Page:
Hacking Performance in the Workplace
Employers that improve workplace performance can have a significant impact on their bottom line. To do this, many employers are investing in wellness programs to keep their employees healthy, happy, and productive.
Work related injuries and illness, chronic disease, and absenteeism all impact employee performance and this negatively impacts business revenues to the tune of billions of dollars each year.
Absenteeism alone costs American businesses nearly a quarter of a billion dollars annually.
And according to the CDC…
- 4 of the 10 most expensive health conditions for US employers are related to heart disease and stroke, which are among the most costly health problems accounting for $1 of every $6 spent on US health care
- Inadequate sleep leads to errors, low productivity, and safety incidents
- Medical costs for people with diabetes are twice as high as for those without
- Overweight and obese workers miss 450M more days of work than healthy workers, costing more than $153B a year in lost productivity
The above CDC link has several tools and recommendations to help keep employees healthy and prevent chronic disease however they fail to mention the negative health effects of blue light.
Blue light is ubiquitous and is a common factor among office workers that contributes to all of the health issues mentioned above. I’ll be sharing some of the published research supporting this and will share the recommendations I provide to the companies I work with to mitigate some of the harmful effects of artificial blue light.
Research on the impact of blue light on office worker productivity is limited however there are a few papers that have been published.
A few years ago a study conducted by the Department of Neurology at Northwestern University and the School of Architecture at the University of Illinois looked at the Impact of Windows and Daylight Exposure on Overall Health and Sleep Quality of Office Workers.
This study found that office workers with more natural light exposure slept longer, had better sleep quality, more physical activity, and rated a better quality of life than those with lower levels of natural light exposure.
This study from the Scandinavian Journal of Work, Environment, and Health found that Blue-enriched office light competes with natural light as a zeitgeber. A zeitgeber is an environmental cue that synchronizes your internal clock or circadian rhythm. The study suggested that participants exposed to blue-enriched light appear to entrain to office hours.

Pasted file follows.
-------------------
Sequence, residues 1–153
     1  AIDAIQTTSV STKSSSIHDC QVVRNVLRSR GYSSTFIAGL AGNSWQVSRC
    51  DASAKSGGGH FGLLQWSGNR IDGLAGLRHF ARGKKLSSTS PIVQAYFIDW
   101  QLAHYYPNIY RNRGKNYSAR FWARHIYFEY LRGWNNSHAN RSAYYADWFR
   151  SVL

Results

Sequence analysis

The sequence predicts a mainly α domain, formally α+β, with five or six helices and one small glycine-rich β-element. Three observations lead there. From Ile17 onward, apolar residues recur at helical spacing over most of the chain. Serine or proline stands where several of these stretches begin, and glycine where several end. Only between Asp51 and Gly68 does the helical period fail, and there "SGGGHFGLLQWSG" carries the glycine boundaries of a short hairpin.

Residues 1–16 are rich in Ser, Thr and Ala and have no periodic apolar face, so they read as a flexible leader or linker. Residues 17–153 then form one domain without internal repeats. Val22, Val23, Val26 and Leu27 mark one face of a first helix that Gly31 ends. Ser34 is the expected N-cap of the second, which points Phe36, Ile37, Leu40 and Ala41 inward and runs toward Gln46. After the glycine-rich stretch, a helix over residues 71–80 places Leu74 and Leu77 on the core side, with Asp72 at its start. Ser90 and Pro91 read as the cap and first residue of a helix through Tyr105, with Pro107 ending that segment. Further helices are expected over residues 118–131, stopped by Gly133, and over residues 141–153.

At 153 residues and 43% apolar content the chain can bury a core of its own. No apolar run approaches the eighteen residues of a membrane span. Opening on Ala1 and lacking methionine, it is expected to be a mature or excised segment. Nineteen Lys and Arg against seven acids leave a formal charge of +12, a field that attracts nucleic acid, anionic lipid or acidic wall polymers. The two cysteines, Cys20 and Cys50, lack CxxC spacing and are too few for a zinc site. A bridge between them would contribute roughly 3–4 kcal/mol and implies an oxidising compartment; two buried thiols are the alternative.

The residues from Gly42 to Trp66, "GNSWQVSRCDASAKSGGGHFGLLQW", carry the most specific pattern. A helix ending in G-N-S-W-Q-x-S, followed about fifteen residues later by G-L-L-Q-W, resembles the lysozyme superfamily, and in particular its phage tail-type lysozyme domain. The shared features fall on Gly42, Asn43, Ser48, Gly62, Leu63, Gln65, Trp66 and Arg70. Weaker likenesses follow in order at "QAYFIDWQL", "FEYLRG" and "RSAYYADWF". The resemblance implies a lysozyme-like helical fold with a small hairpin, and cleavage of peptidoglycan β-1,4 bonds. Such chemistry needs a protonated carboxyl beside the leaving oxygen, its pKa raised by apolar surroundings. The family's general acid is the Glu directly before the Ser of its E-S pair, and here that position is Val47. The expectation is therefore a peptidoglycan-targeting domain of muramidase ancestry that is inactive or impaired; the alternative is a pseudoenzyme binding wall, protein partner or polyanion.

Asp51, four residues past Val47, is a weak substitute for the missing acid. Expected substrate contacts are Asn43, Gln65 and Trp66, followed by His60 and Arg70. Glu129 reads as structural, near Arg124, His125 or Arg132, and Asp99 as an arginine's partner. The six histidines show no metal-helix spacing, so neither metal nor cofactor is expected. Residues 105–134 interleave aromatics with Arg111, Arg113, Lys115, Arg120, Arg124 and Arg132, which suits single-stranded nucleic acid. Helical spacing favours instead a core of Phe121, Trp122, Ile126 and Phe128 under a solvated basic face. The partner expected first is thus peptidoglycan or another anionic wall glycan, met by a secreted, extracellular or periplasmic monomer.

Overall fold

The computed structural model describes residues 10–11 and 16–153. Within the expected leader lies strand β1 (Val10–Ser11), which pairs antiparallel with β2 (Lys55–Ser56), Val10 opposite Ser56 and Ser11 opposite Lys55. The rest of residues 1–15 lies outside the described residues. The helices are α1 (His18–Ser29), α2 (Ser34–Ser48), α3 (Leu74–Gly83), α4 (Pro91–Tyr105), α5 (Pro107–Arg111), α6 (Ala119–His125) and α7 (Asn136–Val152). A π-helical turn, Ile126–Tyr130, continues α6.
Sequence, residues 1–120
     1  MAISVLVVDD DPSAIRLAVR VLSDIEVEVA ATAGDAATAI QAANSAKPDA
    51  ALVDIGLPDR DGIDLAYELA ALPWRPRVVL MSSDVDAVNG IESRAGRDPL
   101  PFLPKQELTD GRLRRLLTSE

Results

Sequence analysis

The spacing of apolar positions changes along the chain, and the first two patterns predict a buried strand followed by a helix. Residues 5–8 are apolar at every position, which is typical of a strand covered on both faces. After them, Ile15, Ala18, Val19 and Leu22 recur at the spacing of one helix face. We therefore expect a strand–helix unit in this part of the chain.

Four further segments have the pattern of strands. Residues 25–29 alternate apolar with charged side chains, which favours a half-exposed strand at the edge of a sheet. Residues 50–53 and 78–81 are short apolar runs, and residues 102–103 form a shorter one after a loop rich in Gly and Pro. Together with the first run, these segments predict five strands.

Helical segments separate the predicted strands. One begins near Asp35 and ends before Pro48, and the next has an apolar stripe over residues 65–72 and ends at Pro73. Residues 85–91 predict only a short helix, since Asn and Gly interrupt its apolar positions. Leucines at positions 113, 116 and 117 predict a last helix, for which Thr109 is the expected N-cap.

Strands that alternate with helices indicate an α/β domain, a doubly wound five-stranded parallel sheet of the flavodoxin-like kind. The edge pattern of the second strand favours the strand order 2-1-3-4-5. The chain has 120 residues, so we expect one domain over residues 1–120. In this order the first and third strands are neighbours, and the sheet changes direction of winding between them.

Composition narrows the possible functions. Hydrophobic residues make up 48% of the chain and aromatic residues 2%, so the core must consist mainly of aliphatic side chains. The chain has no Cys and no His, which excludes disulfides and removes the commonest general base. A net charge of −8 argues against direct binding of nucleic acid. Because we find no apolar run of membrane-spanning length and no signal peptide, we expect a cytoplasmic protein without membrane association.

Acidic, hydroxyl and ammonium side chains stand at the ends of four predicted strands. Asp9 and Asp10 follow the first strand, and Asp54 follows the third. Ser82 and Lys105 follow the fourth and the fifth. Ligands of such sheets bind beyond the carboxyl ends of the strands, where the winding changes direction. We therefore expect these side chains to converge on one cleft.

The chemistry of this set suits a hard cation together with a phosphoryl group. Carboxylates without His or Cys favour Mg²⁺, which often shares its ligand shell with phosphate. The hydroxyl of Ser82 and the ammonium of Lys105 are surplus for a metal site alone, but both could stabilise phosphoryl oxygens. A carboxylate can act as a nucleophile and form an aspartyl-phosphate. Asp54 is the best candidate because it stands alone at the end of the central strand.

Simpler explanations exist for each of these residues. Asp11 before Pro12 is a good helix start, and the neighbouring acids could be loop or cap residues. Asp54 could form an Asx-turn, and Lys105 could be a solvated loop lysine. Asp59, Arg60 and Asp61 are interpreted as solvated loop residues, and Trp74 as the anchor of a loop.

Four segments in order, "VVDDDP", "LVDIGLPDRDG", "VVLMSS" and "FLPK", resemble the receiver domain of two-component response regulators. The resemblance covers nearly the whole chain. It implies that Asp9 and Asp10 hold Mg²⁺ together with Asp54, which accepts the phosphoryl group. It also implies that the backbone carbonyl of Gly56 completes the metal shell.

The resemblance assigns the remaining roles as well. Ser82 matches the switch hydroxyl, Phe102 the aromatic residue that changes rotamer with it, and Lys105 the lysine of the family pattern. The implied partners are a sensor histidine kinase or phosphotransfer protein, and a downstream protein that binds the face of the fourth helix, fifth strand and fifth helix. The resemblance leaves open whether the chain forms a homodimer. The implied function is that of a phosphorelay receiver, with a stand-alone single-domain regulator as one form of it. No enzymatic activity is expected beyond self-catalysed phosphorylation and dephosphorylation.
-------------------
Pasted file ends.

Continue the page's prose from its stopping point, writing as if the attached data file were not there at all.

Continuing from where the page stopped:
This might sound good on the surface however a disruption in circadian rhythm has been shown to lead to sleep disorders, increased risk of cancer, diabetes, heart disease, and obesity, poor cognitive function, and neurodegeneration. None of which are good for work productivity.
Today nearly all employees that work inside are exposed to high levels of artificial blue light from their computers, smartphones, and overhead office fluorescent and LED lights. Most employees lack adequate amounts of natural light and a growing number of doctors believe poor lighting is contributing to rising health costs, which lead to decreased productivity.
In addition to negative health effects, artificial light sources cause glare or flicker which has been linked to a number of employee complaints that include eyestrain, blurred vision, dry eyes, and headaches.
Screens and fluorescent and LED lighting all have high levels of blue light, also called high color temperature. Light from overhead lighting and screens often doesn’t appear blue however a majority of the wavelengths emitted are between 400 – 500nm, which are in the blue light spectrum.
Blue light is short wavelength, which makes it very high energy. This high energy light increases reactive oxygen species (ROS) production, and negatively impacts hormones, and cellular growth and metabolism.